Mark Coughlin, PwC Australia’s energy, utilities and mining leader, examines the forces set to shape the power utilities sector in 2016.
When the Prime Minister last year said “There has never been a more exciting time to be an Australian,” he could have extended that to say “an Australian energy provider”.
Never before has the industry experienced such a convergence of change. Climate change, asset sales, new technology, regulatory scrutiny, evolving customer expectations – the list goes on.
At a more granular level there are also market forces bringing changes forward to today that many in the industry didn’t expect to see for a decade or longer.
When we published Utility of the Future – an Australian Context in 2014 we had some very robust discussions with the ‘flat earth society’ that change was coming quickly and that the industry was not doing enough to respond.
Many of our predictions have been correct, but they happened much more quickly than we expected. The pace of change is extraordinary, and historically, rapid change isn’t something the sector has had to deal with. Moving too slowly now has become a major strategic risk.
Recent PwC research with global energy company CEOs told us that the largest shapers of strategy in the sector are governments, regulators and customers.
That might seem obvious, but the point here is the rapid increase of the impact of the customer in this conversation. Historically, the biggest influencers of strategy were policymakers and regulators, with customers a very distant third.
A huge leap in thinking had occurred, with many in the sector now acknowledging that customers are more important than the engineering and technical elements of their business.
This shift in thinking will provide the platform for future success, and already we are seeing examples of how the sector is looking to put meat on the bones of this customer-centric rhetoric.
For example, the popularity of distributed generation continues unabated. Distributed generation, including solar photovoltaic (PV), is now present on more than 1.3 million Australian homes, with capacity now outstripping that of major power plants.
The removal of government subsidies has also been offset by economies of scale driving down costs. We don’t see the uptake of distributed generation slowing.
Energy storage is rapidly becoming an economic option in more than just niche applications. This factor alone has the potential to change one of the fundamental assumptions underlying power market and power system design: that electricity cannot be stored.
We see the conversation shifting within energy companies that have traditionally had a monopolistic view on the world – the customer is now a competitor and challenging the monopoly.
What is really exciting is that many companies are working through how they can best capitalise on this and create new value streams. The question is whether market structures are ready to cope with this important development.
As battery storage technology becomes more commercially viable, customers will be able to combine solar PV generation and storage, enabling them to offset usage during peak tariff periods, rectifying the current symmetry between solar generation and energy consumption patterns.
We expect to see moves to better price signals in time-of-use tariffs for residential customers, and some very innovative commercial arrangements for business customers. We have just seen major industrial players make announcements on how they are planning to enter the energy market as a participant.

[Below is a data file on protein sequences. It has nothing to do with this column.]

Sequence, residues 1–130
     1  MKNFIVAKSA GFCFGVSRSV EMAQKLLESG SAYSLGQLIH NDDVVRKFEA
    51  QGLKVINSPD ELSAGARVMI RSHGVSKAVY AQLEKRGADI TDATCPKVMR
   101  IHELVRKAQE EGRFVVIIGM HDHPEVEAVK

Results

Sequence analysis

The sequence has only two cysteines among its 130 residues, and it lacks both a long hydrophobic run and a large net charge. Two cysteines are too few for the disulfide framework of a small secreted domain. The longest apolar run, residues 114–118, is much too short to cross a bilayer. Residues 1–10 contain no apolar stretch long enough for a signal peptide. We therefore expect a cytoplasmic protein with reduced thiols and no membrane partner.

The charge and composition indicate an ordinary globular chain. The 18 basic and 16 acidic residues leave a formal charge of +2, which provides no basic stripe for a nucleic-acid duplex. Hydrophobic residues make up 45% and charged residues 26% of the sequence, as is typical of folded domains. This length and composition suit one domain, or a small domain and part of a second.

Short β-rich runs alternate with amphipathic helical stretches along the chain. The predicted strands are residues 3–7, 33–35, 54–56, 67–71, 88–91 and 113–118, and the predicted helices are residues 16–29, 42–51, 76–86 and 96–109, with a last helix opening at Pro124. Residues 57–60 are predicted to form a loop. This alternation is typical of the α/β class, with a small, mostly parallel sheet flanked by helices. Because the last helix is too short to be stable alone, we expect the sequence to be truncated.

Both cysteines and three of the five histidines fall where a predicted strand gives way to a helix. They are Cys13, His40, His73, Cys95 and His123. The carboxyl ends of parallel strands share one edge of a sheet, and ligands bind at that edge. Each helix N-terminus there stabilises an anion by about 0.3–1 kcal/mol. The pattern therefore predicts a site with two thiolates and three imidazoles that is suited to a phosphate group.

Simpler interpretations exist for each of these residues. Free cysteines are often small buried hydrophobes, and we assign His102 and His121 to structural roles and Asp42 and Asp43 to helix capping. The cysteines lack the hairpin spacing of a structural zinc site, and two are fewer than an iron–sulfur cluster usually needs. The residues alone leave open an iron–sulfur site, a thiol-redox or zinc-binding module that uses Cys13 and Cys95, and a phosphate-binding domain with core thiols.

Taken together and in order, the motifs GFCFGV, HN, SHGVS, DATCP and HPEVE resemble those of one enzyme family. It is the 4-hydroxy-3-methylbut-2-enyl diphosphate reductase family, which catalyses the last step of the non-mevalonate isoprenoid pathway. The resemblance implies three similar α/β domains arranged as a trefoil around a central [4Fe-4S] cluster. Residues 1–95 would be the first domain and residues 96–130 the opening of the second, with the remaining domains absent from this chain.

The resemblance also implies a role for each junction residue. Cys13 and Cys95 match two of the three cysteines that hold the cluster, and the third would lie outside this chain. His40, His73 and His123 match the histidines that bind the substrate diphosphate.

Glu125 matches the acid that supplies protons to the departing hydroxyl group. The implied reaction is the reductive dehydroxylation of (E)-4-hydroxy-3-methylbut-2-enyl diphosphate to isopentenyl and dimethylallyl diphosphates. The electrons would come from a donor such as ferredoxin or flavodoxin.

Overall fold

So what does all this change mean for the sector and, more importantly, what will it take to thrive in this environment? What role will government, regulators and other stakeholders play?
For the innovative and brave, there will be more opportunities than risks in the current and future energy market. The measure of success will be the development of good business strategies and their successful execution. The normal drivers of business will apply.
In our view, the key to transforming Australia’s energy sector and setting it up for long-term success will depend on number variables.
From a legislative perspective, it is absolutely crucial that we develop a stable longterm government energy policy and associated 21st century regulatory framework. How close we are on either is widely debated. We must establish a truly deregulated and open national electricity supply and services market. The world is looking at how Australia deals with the challenging energy market conditions in my old home state of South Australia.
The suppliers that will thrive will be those which put their customers’ needs at the centre of their organisation. This means developing excellent customer understanding, with a particular emphasis on the power of social media to underpin new customer- centric corporate strategies.
Customers are now also creating vast amounts of data which can be used to refine offers, incentives and strategies – competitive advantage will flow to those who create value from the data they have, and deploy data management and analytics tools to support management decisions.
Utility companies should be the leaders in the technology revolution, rather than followers – technology will be the platform through which new, more flexible business models can be launched. The additional benefit of leveraging technology is that it will ultimately give customers what they are looking for – choice and flexibility.
Industry participants who succeed over the next decade will not be the ones who blame the market or external events. It will be those that influence the agenda and who best respond to the ever-changing needs of customers. These are core capabilities for the Utility of the Future.